How long have you worked at Educational Insights?
I have worked at EI for 14 years.
What drew you to working here?
I’m a former teacher. I was a teacher for 15 years. We do materials and products that help kids in the classroom and help kids learn at home. It seemed like a natural extension of what I had done before, but it was also something different. After teaching for 15 years, I was looking for something different as well.
What did you teach?
I taught high school English for 8 years, I taught preschool for 7 years, and I worked in a pull-out program for a year with gifted kids, but I don’t really count that with the 15 years because it was part-time. I still volunteer in a classroom every week. I work for an hour in a local literacy program teaching struggling readers.
What was your favorite toy growing up?
[laughs] If I tell you that, then you’ll know how old I am! Did they have toys? Let’s see, we played with sticks! Well, I can tell you what I remember. Well, I loved skates. I had skates when I was a kid. Back in those days, parents just let you go anywhere. My mother wanted me and my brother out of the house. We skated everywhere. I also loved my hula-hoop. I had a doll that was called a Patty Play Pal that was 3 ft. tall. My uncle was in the toy business; he was a distributor. He got me this Patty Play Pal for the holidays one year…it was huge!
What’s your favorite toy here at EI?
Well, of course, Magic Moves wand. It’s my invention from last year and its fun because it’s deceptively simple. It really does teach kids a lot of things even though you’d think it was just a movement toy. The biggest thing is that kids get up and dance and move creatively, but it also teaches vocabulary. I had a lot of sophisticated vocabulary for the age group it’s designed for. It’s really designed for three-year-olds to maybe five-year-olds. It uses words like slither and soar, but it also uses bounce and jump, which are really simple words. It uses sophisticated words so that they are exposed to some rich vocabulary, which I think is really important for kids.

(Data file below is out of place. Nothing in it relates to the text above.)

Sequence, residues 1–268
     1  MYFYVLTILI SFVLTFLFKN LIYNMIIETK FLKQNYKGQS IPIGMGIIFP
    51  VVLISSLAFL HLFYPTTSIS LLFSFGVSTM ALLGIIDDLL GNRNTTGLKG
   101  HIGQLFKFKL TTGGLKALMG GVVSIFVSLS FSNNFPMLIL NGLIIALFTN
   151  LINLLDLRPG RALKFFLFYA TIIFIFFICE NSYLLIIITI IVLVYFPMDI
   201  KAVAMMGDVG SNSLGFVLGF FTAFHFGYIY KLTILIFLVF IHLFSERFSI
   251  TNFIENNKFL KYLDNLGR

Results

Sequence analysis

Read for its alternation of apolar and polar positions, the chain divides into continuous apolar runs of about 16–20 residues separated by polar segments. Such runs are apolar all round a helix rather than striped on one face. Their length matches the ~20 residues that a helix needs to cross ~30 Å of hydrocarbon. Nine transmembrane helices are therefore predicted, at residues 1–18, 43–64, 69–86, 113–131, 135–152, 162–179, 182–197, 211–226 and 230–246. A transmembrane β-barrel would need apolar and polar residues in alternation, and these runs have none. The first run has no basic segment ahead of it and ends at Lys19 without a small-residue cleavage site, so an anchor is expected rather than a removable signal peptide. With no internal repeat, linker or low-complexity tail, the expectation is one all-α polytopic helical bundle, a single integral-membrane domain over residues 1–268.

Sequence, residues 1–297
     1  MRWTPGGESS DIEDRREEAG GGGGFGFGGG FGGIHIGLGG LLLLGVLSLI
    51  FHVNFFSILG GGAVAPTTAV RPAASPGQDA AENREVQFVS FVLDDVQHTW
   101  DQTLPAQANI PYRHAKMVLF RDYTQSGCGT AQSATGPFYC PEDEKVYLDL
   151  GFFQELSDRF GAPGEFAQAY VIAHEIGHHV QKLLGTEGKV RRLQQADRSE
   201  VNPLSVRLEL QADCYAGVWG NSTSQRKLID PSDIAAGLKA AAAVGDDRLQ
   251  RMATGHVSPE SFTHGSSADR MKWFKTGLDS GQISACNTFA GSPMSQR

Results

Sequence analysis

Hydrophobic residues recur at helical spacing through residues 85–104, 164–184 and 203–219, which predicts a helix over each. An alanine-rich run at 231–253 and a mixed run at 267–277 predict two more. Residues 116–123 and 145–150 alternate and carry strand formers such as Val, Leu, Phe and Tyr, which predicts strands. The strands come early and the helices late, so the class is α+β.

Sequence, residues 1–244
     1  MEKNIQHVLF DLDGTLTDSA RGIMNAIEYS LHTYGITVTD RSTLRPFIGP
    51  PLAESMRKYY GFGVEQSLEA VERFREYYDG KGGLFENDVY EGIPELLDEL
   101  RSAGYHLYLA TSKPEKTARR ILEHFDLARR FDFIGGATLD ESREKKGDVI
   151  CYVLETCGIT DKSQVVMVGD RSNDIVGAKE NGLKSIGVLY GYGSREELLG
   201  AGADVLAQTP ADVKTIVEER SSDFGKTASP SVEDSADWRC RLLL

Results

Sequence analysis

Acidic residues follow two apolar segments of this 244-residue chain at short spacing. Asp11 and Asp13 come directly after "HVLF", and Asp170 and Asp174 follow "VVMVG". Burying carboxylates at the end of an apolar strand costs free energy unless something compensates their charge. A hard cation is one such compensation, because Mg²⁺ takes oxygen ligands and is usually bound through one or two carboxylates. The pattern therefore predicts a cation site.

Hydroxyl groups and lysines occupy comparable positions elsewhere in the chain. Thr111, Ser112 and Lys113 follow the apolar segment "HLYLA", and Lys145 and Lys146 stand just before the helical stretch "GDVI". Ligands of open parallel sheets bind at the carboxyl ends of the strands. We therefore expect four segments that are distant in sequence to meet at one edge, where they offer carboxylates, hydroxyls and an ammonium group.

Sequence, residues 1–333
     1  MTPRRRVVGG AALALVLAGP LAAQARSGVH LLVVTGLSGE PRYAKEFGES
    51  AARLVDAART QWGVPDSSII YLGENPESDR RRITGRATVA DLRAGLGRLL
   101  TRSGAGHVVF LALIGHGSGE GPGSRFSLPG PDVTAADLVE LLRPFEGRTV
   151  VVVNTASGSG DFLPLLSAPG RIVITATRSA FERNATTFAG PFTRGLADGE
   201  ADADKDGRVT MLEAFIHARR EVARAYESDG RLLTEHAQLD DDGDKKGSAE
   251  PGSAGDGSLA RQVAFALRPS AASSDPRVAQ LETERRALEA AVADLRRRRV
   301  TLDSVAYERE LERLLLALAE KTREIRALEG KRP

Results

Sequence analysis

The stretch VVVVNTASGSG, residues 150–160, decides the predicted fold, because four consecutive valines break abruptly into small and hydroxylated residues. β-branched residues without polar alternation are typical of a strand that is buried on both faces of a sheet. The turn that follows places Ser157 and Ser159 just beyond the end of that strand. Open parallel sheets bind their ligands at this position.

There are some technical things that as a teacher, if you were to work with kids moving to the tunes that I would actually do that would help kids surprisingly with things like the alphabet. So, if you swim and if you cross what’s called the midline of your body, that’s really that kind of physical activity that is supposed to be good for beginning readers. You move fast, and you move slowly. It’s really just a kind of deceptively simple thing. It’s well designed. I worked really hard with the team here. I worked with an outsider. I’m really proud of it and it’s doing well.
What inspired you to make that? What was your most unconventional inspiration?
What inspired me to make that game was that I was a former preschool teacher, and again, back in those days [laughs], we used records. I used records and I would give the commands like, “Okay, stomp like a dinosaur!”
First of all, it has all the light shows and everything, so it’s not just a command. It has entertaining and colorful light shows. It also allows kids to lead a musical session. It’s not always the teacher in control. So, when we filmed our little commercial here, one of the kids was actually in charge. It really allows kids to build self-esteem and build some element of control.
What’s a typical day like for you outside of work?
[Laughs] Who’s outside of work for enough hours for it to make a difference? The weekends are probably what I can speak to. Around here, we work very long hours, especially during the summer because it’s our busiest time since we’re trying to get product out.
I run errands. I love to bake. I love to read.